Sam Seder has a point
I don’t think Seder is the first or the last to point out that this whole he-said-she-said-who-said thing is all really kinda silly. It’s frankly sad that any of us feel the need to respond to this at all, but this is what everyone from the “professional” media to twitter talked about for 24 to 48 hours, so let’s look at it. I actually disagree with Seder on one point: you don’t have to say a word to make your meaning clear.
But what if . . .
Indulge me a moment, will you? Imagine, please that it’s 2008 and a major news personality asks Hillary Clinton, “Do you think Barack Obama is an American-born Citizen?”
Now imagine that she replies by saying, “Well, he hasn’t released his birth certificate yet, and that certainly raises a lot of questions.” Notice, in this made-up scenario that Clinton does not say, “Yes, of course he’s a U.S.-born citizen!” She could say that, and decide to keep the debate focused on “the issues.” But what is the overwhelmingly obvious implication of her failing to directly reply to the question with an affirmative, but instead give a nod to the birther movement?
In that hypothetical situation you can bet that major news organizations like CNN and the Washington Post would immediately begin publishing headlines like, “Clinton Says Obama Not a Natural Born Citizen” and “Clinton Agrees With Birthers.” Such headlines would be a certainty if on the night of her seventh state loss in a row her campaign was reported to be out to “disqualify” Barack Obama.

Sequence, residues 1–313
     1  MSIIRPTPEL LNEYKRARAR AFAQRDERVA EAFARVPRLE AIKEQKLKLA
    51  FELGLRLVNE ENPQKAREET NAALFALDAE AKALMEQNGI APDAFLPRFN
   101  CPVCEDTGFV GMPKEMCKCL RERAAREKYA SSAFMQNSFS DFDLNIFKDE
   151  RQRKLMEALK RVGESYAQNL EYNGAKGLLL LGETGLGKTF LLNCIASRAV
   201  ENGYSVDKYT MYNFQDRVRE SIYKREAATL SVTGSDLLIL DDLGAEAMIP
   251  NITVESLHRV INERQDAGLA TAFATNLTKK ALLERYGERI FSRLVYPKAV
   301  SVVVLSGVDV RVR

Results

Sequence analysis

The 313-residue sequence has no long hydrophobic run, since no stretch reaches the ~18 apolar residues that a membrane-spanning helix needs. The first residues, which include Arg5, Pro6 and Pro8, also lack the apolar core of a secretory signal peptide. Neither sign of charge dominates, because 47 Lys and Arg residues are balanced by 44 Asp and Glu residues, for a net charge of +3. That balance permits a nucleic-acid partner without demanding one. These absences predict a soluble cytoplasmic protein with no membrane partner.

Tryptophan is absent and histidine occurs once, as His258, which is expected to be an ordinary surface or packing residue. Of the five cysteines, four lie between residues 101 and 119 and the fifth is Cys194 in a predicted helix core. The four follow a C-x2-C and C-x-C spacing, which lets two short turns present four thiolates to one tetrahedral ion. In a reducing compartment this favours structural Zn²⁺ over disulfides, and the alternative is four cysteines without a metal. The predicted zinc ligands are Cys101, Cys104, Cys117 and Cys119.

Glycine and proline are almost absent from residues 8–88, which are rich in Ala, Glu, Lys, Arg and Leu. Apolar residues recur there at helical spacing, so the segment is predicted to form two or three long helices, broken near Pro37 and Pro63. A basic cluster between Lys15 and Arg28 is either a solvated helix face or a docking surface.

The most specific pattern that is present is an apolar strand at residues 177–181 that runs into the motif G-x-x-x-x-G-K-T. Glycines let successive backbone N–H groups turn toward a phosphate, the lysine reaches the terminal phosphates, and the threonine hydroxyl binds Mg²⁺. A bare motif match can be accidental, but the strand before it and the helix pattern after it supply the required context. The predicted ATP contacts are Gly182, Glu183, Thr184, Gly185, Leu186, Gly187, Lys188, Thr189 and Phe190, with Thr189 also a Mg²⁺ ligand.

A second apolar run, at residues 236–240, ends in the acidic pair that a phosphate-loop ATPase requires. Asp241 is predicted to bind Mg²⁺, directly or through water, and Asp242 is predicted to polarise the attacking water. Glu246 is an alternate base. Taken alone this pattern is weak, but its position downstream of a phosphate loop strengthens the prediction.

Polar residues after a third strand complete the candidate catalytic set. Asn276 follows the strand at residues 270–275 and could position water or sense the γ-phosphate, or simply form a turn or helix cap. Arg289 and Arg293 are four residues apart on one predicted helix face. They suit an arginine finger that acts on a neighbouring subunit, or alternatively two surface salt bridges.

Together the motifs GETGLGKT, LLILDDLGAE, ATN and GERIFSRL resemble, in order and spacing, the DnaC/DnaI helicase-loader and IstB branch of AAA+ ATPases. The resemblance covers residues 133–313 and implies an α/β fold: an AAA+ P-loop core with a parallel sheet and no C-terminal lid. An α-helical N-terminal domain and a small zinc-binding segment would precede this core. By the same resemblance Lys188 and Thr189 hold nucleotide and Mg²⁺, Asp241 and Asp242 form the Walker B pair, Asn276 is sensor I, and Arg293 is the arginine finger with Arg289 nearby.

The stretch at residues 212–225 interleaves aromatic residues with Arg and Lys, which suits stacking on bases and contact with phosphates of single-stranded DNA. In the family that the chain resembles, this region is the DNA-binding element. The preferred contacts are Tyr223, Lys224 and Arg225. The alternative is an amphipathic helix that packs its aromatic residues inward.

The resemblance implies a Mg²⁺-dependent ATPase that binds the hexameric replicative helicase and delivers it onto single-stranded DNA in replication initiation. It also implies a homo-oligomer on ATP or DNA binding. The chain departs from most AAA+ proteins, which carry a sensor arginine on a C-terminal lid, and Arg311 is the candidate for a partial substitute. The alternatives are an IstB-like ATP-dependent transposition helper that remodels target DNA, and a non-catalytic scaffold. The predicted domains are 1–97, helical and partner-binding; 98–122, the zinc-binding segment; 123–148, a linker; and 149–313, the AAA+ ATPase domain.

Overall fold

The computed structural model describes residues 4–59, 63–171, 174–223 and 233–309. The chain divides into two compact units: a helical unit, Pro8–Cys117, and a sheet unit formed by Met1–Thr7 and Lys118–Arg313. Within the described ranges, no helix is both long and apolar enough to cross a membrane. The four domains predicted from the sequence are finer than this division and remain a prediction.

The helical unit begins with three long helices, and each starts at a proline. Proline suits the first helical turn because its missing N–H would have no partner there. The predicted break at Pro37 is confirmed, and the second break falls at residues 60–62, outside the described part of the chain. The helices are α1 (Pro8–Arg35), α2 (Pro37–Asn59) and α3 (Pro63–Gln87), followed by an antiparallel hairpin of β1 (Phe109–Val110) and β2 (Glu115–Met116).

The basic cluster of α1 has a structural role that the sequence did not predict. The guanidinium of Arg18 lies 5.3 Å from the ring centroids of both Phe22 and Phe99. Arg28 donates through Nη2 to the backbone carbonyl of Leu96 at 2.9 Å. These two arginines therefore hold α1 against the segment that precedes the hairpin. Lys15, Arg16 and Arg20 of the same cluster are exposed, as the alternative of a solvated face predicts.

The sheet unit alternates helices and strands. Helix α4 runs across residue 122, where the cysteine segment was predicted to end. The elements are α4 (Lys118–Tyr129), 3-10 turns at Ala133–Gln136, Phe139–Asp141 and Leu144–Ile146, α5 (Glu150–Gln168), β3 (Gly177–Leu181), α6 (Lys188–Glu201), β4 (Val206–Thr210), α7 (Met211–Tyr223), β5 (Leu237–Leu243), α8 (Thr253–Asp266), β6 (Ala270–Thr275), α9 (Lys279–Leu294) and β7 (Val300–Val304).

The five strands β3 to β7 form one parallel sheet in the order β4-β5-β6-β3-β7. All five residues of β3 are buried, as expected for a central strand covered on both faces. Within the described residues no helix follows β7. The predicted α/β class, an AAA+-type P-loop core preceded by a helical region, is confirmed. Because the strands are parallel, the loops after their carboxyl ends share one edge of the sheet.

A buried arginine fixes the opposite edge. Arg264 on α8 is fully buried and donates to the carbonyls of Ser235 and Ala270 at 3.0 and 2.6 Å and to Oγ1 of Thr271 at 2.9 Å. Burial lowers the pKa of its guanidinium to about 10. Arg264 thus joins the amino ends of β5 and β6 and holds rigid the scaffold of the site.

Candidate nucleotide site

In the real world of the 2008 campaign
In reality, while it had nothing to do with the birther movement, Clinton did question Obama’s qualifications more than once in the 2008 race, and I don’t remember people getting picky about whether or not she used a specific word. Do you remember the “3:00 am Phone Call” ad? What was that if not an outright statement that only one candidate in the race was qualified to be in the White House? She also credited only herself and McCain, the presumptive Republican nominee with the “experience” needed to be President when she said that McCain “will put forth his experience. I will put forth my experience. Sen. Obama will put forth a speech he made in 2002.” What is that statement other than a direct dismissal of Obama’s qualifications to be president?
What’s this got to do with news this week?
So flash forward eight years to this week. Sure, if you want to nit-pick, Hillary Clinton did not say, “Sanders is unqualified,” but as Sam Seder in the clip above, and even Jane Sanders in her interview with Rachel Maddow, neither did she answer that he was qualified. Clinton was crafty. We give her credit for that all the time, and I have no problem giving her credit for that now. She was crafty. While seeming to dodge the question, she answered that he “hadn’t done his homework,” which infers what? That he is not qualified. And remember all of this was after this announcement that I’ve shared in a previous post this week: